A true vegan shuns any product that’s been made with any part of an animal. That could be food – meat, eggs, cheese, milk, etc. – or materials – wool, fur, leather, etc. – and even includes insect by-products such as honey.
But while veganism is, in theory, incredibly strict about the products you should be coming into contact with on a daily basis, there may be some wiggle room in the different “levels of veganism” to enable you to still commit to a plant-based diet, without having to worry about whether the airline seats are made from leather or not.
Where did “vegan levels” come from?
The idea of a “level 5 vegan: I don’t eat anything that casts a shadow” was coined in a Simpsons episode, Lisa The Tree Hugger. Although it was meant as a humorous quip, it does raise an interesting question about whether veganism can be broken down into different levels.
In theory, a more accessible approach to a vegan lifestyle may make it easier and more tempting for people to get on board. If you can embrace the culture without losing your vegan status for accidentally picking up a bar of milk chocolate from time to time… Would more people be interested?
Levels of vegan
In reality, there are no “vegan levels” that you can qualify for. You either don’t consume animal products, or you do. It’s a very black and white situation. That said, the idea of more accessible “levels” of veganism has merit. Even if you only commit to #MeatFreeMondays, surely that’s better than nothing?
Level One Vegans probably participate in a vegan diet and lifestyle for mostly health reasons more than the ethical concerns of “proper” vegans. They avoid food that comes from animals but may slip up occasionally. We would expect a Level One Vegan to consume at least 95% plant-based and vegan products. A Level One Vegan is probably characterized by boba tea smoothies, kale salads, and Buddha bowls. Honey may be up for debate.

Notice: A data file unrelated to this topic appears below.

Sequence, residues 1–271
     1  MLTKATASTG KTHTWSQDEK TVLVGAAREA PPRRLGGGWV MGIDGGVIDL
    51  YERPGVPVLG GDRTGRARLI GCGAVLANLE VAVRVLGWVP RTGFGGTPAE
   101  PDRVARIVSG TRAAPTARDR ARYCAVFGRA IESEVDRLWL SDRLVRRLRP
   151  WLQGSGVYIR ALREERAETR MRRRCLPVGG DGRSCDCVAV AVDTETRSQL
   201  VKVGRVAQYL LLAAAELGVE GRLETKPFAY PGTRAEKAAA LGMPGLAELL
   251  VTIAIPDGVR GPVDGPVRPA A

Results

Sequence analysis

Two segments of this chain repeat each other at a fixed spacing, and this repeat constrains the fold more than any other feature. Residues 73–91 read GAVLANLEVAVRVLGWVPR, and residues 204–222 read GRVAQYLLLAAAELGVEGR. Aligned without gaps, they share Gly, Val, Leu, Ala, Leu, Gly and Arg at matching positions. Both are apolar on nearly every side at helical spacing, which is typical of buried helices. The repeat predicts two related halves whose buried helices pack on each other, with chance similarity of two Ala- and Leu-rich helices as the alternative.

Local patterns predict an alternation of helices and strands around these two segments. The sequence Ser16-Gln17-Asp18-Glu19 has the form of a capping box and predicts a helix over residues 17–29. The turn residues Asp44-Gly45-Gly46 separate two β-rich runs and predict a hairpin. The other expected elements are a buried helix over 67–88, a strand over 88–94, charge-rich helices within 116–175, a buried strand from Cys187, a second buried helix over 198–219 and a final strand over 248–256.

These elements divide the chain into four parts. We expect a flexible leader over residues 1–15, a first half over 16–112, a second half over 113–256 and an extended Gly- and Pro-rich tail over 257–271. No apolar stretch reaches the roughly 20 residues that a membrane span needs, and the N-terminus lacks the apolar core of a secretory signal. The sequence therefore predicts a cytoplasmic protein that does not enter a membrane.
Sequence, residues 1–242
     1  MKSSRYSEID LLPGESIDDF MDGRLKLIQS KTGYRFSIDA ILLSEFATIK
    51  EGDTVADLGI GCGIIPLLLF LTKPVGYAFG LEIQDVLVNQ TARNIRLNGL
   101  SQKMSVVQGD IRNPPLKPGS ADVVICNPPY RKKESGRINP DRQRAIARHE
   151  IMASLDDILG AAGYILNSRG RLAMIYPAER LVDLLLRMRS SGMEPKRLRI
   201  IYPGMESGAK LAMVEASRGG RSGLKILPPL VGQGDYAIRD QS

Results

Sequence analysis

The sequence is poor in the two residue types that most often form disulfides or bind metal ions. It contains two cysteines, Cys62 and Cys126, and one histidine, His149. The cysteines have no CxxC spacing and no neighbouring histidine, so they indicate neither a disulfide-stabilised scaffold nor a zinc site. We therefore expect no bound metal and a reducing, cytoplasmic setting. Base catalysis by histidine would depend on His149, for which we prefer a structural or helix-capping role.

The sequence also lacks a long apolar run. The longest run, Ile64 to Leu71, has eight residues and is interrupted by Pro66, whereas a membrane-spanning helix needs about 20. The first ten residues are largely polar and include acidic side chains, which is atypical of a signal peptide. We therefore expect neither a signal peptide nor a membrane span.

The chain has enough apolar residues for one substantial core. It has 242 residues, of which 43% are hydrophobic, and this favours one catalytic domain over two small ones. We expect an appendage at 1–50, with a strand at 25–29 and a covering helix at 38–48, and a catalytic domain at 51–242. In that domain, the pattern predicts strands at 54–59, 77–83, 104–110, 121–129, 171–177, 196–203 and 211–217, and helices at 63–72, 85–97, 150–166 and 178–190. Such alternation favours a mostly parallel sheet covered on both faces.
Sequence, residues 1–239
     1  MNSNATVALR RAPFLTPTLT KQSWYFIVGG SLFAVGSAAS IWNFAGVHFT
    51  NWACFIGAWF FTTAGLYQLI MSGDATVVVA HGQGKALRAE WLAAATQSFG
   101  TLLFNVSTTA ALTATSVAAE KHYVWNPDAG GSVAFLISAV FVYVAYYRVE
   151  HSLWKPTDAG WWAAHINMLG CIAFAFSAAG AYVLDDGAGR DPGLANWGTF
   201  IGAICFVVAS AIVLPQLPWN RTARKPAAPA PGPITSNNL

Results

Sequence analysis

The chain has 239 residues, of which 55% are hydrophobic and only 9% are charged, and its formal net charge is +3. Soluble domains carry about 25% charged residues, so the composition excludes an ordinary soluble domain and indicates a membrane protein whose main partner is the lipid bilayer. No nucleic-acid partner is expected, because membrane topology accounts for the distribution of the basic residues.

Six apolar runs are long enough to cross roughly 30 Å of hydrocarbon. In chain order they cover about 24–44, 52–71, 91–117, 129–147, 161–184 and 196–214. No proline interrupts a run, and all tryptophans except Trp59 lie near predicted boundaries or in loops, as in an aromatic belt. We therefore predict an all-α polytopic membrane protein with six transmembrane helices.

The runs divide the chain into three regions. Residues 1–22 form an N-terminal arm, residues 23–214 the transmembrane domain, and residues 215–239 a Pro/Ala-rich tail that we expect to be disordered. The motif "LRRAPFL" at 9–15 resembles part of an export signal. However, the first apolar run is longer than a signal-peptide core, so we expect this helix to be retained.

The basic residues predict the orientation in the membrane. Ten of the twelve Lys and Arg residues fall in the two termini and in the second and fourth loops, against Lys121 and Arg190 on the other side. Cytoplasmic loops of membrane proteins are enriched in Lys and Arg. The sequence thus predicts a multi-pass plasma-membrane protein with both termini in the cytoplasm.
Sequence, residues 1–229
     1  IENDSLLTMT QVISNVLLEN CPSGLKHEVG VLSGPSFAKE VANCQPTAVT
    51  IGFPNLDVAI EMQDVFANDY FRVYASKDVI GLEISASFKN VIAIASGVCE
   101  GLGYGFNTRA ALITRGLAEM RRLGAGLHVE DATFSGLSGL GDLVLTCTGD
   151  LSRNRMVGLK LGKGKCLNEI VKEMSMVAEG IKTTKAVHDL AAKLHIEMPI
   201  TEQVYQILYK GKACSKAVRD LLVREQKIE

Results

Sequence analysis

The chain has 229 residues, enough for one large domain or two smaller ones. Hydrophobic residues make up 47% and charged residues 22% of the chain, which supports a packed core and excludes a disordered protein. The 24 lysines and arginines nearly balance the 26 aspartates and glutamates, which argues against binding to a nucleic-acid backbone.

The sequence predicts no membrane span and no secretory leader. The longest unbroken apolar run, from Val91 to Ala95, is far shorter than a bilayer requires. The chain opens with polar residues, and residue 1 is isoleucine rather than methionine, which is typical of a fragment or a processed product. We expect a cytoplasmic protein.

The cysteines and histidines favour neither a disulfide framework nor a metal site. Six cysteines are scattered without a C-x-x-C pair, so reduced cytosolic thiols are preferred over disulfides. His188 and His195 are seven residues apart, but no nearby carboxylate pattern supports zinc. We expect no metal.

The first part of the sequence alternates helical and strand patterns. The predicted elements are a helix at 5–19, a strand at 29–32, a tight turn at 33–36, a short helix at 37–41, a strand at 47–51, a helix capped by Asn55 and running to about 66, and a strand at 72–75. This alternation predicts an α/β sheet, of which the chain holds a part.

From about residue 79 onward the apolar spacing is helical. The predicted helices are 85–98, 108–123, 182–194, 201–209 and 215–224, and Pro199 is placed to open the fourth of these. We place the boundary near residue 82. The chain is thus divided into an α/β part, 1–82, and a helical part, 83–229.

A Level Two Vegan is likely committed to a vegan lifestyle and cares deeply about the ethical, environmental, and health benefits of avoiding animal products. That said, they may find sticking to a 100% plant-based diet tricky, whether it’s a lack of inspiration when it comes to tasty vegan dishes or a lack of knowledge on where to shop or what’s allowed. A Level Two vegan would probably benefit from some vegan-friendly cookware (like this tofu press) and cookbooks to stay on the right path.
Level Three Vegans have probably been practicing veganism for a substantial amount of time. They are very knowledgeable about animal cruelty and the ethical and environmental concerns that drive many vegans to a plant-based lifestyle… And, as such, they care deeply about it.
Level Three Vegans are really conscious when picking plant-based foods and environmentally friendly practices and products. They probably share their vegan tips and tricks on social media, hoping others will be influenced by their lifestyle choices. Although Level Three Vegans are firmly committed to the lifestyle, they may still come into contact with products derived from animals in their daily life, whether they mean to or not.
Level Four Vegans are about as close to perfection as you can get. These “vegan warriors” are well aware of all the ethical, environmental, and health benefits of the lifestyle and are likely to be active in animal welfare rights. While a Level Four Vegan will follow a healthy vegan diet packed full of fruits, veggies, and nuts, while avoiding pre-packaged food, they may still go out to eat at vegan restaurants or non-vegan restaurants that offer vegan-friendly meals.
Level Five Vegans take veganism to the extreme. While a Level Four Vegan might accidentally step on a bug while walking on the grass, a Level Five would avoid the grass entirely for this very reason! A Level Five Vegan would only eat at restaurants committed to the vegan lifestyle and wouldn’t touch products that have been derived from animals (vulcanized rubber tires? Not a chance!)
Which Level Vegan Are You?
While everyone should aim for the maximum level of veganism possible, in practice, it’s virtually impossible to be a proper Level Five Vegan due to the amount of non-vegan products in circulation, many of which you would never know about!
For example, the sugar in your morning coffee could be made from bone char, the bus you take to work might use leather in the seats, your afternoon soda might use dyes derived from insects, some apple juices are clarified through fish bladders…
There are so many practicalities that make being 100% vegan while maintaining a normal life almost impossible. Therefore, I think anyone subscribing to a 99% vegan lifestyle deserves full credit!
But while aiming for a 100% vegan lifestyle is great, does that mean that Level One and Two vegans, like Beyonce, should be ridiculed?
Anyone who’s aiming to follow a more sustainable and plant-based lifestyle should be applauded. Whether you sneak in a slice of Thanksgiving turkey or accidentally buy a soda with the wrong dyes, the important thing is that you’re trying to attain a better lifestyle. And isn’t that what it’s all about?